The subcutaneous drug foslevodopa-foscarbidopa (brand name Produodopa) has been launched in the European Union (EU) for the treatment of advanced Parkinson’s disease, its manufacturer AbbVie has announced.
It becomes the first-and-only subcutaneous 24-hour infusion of levodopa-based therapy available in the EU for the treatment severe motor fluctuations and hyperkinesia (excessive movement) or dyskinesia (involuntary movement) in people living with advanced Parkinson’s disease and whose symptoms are inadequately controlled by other therapies.
The continuous delivery of foslevodopa-foscarbidopa provides levodopa 24-hours a day, which AbbVie said may help patients by extending the period when symptoms are well-controlled – often referred to as ‘On’ time.
‘On’ time signifies when symptoms are controlled, whereas ‘Off’ time occurs when symptoms return between medication doses.
Foslevodopa-foscarbidopa gained marketing authorisation through the European Medicine’s Agency’s decentralised procedure in the third quarter of 2022. The Vyafuser pump for the drug’s subcutaneous delivery received Conformité Européenne (CE) Mark in November of 2023.
Angelo Antonini, professor of neurology at the Department of Neuroscience, University of Padua, Italy, said: ‘This approval represents a significant advancement for those with Parkinson’s disease who have historically had limited treatment options for advanced stages.
‘When oral treatment no longer sufficiently helps with improvement in motor fluctuations, patients need alternative options. Produodopa’s around-the-clock infusion allows for continuous delivery of levodopa, the gold standard of treatment.’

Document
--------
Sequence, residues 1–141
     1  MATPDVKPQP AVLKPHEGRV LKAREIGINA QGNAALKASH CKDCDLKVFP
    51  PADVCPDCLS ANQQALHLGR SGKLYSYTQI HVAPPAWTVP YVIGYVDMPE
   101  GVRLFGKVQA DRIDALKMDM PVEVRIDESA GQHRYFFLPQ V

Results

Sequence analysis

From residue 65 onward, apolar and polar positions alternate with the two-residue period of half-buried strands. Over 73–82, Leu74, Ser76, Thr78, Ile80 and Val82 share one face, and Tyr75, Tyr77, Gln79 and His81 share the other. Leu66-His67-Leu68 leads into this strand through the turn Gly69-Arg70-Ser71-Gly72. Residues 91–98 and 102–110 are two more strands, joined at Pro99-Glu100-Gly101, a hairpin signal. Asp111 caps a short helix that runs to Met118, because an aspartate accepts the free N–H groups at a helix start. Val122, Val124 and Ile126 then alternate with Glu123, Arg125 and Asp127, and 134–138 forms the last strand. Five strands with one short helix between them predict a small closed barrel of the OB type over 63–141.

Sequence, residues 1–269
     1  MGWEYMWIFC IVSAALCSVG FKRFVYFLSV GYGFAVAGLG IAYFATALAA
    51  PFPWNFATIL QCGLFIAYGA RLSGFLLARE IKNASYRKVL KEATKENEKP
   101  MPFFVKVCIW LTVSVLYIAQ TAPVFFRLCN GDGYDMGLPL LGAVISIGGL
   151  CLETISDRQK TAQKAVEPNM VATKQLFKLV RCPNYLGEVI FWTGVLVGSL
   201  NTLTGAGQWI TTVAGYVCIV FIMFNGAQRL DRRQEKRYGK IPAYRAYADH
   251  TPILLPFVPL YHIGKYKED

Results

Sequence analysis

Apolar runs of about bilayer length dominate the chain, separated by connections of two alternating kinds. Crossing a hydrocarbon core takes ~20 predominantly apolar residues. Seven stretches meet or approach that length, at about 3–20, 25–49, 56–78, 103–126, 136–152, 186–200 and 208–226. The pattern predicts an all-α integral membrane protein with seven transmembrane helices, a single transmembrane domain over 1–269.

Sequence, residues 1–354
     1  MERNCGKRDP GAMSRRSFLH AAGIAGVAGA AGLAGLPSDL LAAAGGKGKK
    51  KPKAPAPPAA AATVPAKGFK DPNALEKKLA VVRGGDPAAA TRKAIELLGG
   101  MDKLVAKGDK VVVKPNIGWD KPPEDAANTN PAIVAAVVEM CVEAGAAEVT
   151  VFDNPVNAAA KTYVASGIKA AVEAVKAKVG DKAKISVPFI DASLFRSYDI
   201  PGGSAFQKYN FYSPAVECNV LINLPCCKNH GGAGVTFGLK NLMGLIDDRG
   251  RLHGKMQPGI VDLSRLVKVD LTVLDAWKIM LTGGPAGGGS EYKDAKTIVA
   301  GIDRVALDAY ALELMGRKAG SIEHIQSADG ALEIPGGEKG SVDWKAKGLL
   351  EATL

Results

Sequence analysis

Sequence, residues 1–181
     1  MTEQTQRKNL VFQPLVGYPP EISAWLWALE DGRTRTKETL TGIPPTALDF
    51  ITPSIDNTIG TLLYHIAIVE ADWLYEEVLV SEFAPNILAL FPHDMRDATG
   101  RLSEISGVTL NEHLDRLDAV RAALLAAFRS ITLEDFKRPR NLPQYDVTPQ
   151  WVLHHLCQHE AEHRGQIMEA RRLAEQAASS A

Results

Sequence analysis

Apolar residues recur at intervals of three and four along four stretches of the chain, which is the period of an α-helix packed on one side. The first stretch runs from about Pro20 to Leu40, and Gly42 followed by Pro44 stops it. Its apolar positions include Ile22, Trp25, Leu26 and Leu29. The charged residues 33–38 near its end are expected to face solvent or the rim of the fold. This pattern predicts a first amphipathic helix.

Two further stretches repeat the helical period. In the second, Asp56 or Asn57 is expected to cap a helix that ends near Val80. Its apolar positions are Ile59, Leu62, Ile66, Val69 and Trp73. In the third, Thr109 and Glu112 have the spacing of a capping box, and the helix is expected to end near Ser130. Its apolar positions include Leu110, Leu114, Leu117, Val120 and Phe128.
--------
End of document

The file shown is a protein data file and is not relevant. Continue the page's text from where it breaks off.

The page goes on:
Sustained improvements in Parkinson’s symptoms
The launch was supported by three studies, including the Phase 3, 12-month open-label M15-741 study in which the primary endpoint was to evaluate the safety and tolerability of foslevodopa-foscarbidopa.
Secondary endpoints included changes from baseline in normalised ‘Off’ and ‘On’ time, the percentage of patients reporting morning akinesia – defined as ‘Off’ time upon waking – and total scores from quality-of-life surveys.
Eligible patients included adults 30 years or older diagnosed with levodopa-responsive idiopathic Parkinson’s disease experiencing an average of greater than or equal to 2.5 hours of ‘Off’ time per day, as assessed by patient’s Parkinson’s disease diaries.
The results, published in the Journal of Neurology & Therapy, observed a reduction in motor fluctuations as early as Week 1 and persisted through Week 52, and the percentage of patients experiencing morning akinesia dropped from 77.7% at baseline to 27.8% at week 52.
The researchers concluded that there was a favourable benefit/risk profile and sustained improvements in ‘Off’ time and ‘On’ time without dyskinesia, and morning akinesia as measured by the percentage of patients in early morning ‘Off’ time.
The majority of adverse events (AEs) with foslevodopa-foscarbidopa were non-serious and mild or moderate in severity. The most frequent AEs (greater than or equal to 10%) were infusion site events (infusion site erythema, infusion site cellulitis, infusion site nodule, infusion site pain, infusion site oedema, infusion site reaction, and infusion site infection), hallucination, fall, and anxiety.
Foslevodopa-foscarbidopa was recommended by the UK’s National Institute of Health and Care Excellence in autumn 2023 for treating advanced Parkinson’s with motor symptoms and the final technology appraisal guidance was published on 29 November 2023.